Recruiting: Teams stake reputations on high-profile matchup
Published: Wednesday, September 4, 2013
Updated: Friday, September 6, 2013 02:09
On Sunday, Irish coach Brian Kelly downplayed the importance of the Michigan-Notre Dame rivalry. On Tuesday, Kelly similarly dialed down the discussion of a recruiting rivalry between the two Midwest programs.
“When you’re recruiting nationally and you’re out, Michigan is going to be there in the recruiting process for us, but we’ll see the West Coast, we’ll see the South,” Kelly said at his weekly press conference. “I mean, I don’t know that Michigan shows up more than any one school because we’re all over the country. It’s a blend of virtually all the schools throughout the country.”
Irish recruiting expert Mike Frank spoke before Kelly’s news conference Tuesday and echoed the same sentiment. Frank said he doesn’t believe the rivalry is as important to head-to-head recruiting battles between Notre Dame and Michigan.
“It’s been interesting when you talk about this game. I think really before it was a lot more important in the grand scheme of things when you talk about recruiting and going head-to-head with players,” said Frank, who runs the ESPN-affiliated Irish Sports Daily. “I don’t think Notre Dame and Michigan go head-to-head for a lot of players nearly as much as they used to. Why that is? I think Notre Dame has broadened their base a little bit and tried to get players from all over the country.”
While the rivalry may not be ramped-up within the region, Frank said he believes the performance of each team in primetime can be helpful in the same national recruiting picture to which Kelly alluded.
“Where I do think [the rivalry game] matters is you’ve got two big, traditional schools going head-to-head and both are extremely respected programs,” Frank said. “And I think it matters a lot to people who are interested in maybe leaving home and looking at a school like Michigan or Notre Dame. If they see that Notre Dame can beat another big-time regional school, it kind of validates the choice to attend there.
“So I think even more than bragging rights, it has to do with how each school is perceived and the direction each program is headed.”
Frank said he expects Saturday’s game to have a major impact on recruits in the class of 2014 as well as the class of 2015. The class of 2014 already has 16 commitments, but Frank said the game could impact seniors from across the nation, including those already interested in Notre Dame like California athlete Michiah Quick and Florida defensive tackle Anthony Moten, as well as those who have not expressed any interest.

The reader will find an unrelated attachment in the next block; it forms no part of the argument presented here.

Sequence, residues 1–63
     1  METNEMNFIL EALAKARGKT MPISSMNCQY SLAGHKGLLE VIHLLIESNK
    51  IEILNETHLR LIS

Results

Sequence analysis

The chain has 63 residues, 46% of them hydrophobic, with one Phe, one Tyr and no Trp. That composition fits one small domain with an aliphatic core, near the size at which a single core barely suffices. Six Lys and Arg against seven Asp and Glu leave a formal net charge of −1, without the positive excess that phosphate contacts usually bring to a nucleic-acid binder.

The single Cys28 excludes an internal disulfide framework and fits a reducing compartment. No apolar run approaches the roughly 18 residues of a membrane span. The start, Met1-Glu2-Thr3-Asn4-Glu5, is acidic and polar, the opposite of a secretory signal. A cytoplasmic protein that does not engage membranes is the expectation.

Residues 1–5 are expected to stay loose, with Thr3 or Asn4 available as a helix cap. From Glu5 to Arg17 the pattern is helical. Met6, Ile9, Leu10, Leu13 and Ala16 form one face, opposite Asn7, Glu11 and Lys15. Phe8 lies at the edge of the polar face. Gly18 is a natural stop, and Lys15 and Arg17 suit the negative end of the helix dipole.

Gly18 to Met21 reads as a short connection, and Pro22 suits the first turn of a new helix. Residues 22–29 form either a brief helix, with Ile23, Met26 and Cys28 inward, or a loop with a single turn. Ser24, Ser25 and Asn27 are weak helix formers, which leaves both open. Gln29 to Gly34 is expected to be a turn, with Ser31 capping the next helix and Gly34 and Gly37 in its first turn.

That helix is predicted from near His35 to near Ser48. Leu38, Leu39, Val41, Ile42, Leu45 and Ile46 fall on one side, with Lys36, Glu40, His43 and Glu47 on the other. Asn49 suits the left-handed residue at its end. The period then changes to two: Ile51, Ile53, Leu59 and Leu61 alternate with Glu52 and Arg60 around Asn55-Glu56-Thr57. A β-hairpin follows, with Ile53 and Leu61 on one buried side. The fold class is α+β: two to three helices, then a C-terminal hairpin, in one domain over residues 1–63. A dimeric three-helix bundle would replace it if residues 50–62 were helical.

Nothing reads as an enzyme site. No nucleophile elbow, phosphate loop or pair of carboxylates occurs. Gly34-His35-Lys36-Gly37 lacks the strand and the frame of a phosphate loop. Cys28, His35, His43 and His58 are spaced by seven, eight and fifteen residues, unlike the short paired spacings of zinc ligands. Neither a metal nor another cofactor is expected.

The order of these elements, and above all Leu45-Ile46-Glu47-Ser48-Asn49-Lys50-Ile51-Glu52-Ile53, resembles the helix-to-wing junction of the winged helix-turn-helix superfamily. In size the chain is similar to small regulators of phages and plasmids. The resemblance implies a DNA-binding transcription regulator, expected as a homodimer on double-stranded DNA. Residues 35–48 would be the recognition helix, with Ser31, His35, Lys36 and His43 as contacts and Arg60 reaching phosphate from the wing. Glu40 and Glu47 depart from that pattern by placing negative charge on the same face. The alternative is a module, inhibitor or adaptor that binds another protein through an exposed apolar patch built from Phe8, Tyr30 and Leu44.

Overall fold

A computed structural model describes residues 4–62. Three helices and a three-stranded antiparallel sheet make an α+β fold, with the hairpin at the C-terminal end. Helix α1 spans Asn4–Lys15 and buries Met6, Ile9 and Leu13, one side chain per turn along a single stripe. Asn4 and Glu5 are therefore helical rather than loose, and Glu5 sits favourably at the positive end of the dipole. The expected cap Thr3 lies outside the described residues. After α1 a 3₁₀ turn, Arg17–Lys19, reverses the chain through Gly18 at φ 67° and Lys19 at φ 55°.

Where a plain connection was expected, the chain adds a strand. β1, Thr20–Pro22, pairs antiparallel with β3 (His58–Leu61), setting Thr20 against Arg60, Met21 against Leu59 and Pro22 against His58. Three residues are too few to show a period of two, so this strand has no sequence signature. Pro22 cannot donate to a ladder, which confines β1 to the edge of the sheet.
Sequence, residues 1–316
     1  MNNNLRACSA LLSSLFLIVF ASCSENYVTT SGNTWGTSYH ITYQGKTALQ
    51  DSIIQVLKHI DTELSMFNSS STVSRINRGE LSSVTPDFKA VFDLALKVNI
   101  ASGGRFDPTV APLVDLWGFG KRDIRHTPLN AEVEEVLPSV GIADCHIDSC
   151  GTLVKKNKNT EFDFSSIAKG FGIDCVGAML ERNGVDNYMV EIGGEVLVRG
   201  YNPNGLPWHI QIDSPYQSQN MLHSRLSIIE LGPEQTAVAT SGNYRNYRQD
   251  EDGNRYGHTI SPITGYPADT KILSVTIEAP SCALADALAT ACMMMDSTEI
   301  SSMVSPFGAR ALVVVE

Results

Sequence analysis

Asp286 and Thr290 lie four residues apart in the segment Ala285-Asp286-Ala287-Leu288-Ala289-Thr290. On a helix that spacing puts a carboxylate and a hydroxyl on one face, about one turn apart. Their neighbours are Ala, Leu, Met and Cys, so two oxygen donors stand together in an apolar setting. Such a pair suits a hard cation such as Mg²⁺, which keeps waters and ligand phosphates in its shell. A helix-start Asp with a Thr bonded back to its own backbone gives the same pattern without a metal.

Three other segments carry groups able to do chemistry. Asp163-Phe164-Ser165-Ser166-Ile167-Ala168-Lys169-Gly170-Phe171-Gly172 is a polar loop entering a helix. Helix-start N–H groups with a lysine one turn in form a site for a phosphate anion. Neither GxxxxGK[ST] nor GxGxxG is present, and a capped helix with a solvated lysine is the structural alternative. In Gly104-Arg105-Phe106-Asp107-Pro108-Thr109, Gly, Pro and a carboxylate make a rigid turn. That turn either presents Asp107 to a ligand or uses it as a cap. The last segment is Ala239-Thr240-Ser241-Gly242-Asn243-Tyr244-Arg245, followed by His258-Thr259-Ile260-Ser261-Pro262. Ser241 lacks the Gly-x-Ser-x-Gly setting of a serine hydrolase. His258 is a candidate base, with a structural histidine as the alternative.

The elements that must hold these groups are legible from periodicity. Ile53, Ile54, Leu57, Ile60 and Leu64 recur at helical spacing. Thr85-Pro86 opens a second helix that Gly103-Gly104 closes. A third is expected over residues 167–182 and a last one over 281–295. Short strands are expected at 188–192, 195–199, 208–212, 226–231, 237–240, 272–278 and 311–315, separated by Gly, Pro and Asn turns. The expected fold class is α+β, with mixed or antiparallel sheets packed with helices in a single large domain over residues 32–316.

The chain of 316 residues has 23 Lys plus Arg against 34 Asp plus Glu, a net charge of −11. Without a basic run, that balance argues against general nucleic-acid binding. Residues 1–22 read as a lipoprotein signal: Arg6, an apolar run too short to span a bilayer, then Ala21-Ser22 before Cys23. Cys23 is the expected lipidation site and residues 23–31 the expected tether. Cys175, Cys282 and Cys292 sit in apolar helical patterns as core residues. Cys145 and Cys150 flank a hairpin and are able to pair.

“February is still a long ways away and, at this time last year, [freshman safety] Max Redfield and [former Irish commit] Eddie Vanderdoes weren’t on the radar,” Frank said. “Opportunities open up with other teams. There may be other prospects that aren’t on the radar right now. I think those are the kinds of things that matter for 2014.”
As for the class of 2015, Sunday was a big day in recruiting even though there were no commitments or decommitments to or from Notre Dame. With the calendar flipping to September, communication is now allowed with prospects in the class of 2015. Coaches may send personalized letters to recruits and are allowed to reply to and send e-mails to high school juniors.
As it stands now, Notre Dame has received just one commitment from the class of 2015. Offensive lineman Jerry Tillery, a 6-foot-7, 312-pound tackle from Shreveport, La., pledged to the Irish on June 22nd. ESPN rates Tillery as the 18th-best tackle and the 205th-best overall player in the nation.
Frank said Saturday’s contest with Michigan will go a long way toward sculpting the opinions of other prospects in the junior class.
“Right now those prospects are forming their opinions on where they think Notre Dame is headed as far as the direction of the program,” he said. “Was last year a one-season fluke or is this a legitimate top-10 program at this point? I think these types of games kind of validate people’s opinions on where Notre Dame is as a program.”
Frank said Notre Dame simply has not extended offers to a great deal of 2015 prospects yet. One player with an Irish offer, however, is Minnesota defensive end Jashon Cornell. ESPN rates Cornell, who hails from the same school (Cretin-Derham Hall High School) that produced former Irish receiver Michael Floyd and current freshman receiver James Onwualu, as the No. 1 overall player in the nation.
Though Cornell is expected to visit Michigan this weekend, Frank said the Irish still have a strong shot at landing the 6-foot-3, 245-pounder. Frank mentioned how Floyd and Irish freshman offensive lineman Steve Elmer took visits to Notre Dame opponents when they were being recruited by both schools, watched Notre Dame lose and ended up committing to the Irish anyway.
“Jashon Cornell is a tremendous prospect and Notre Dame has a really, really good shot with him but I think when you’re the No. 1 prospect, or certainly one of the top defenders in the country, you’re going to have a whole lot of teams coming after you,” Frank said. “But you know he’ll be down for a Notre Dame game as well and we’ll just have to see how it plays out, but I think Notre Dame is in real good shape with him.”
For more on Notre Dame recruiting, check out Mike Frank’s irishsportsdaily.com. Email Mike at email@example.com and tell him The Observer sent you.
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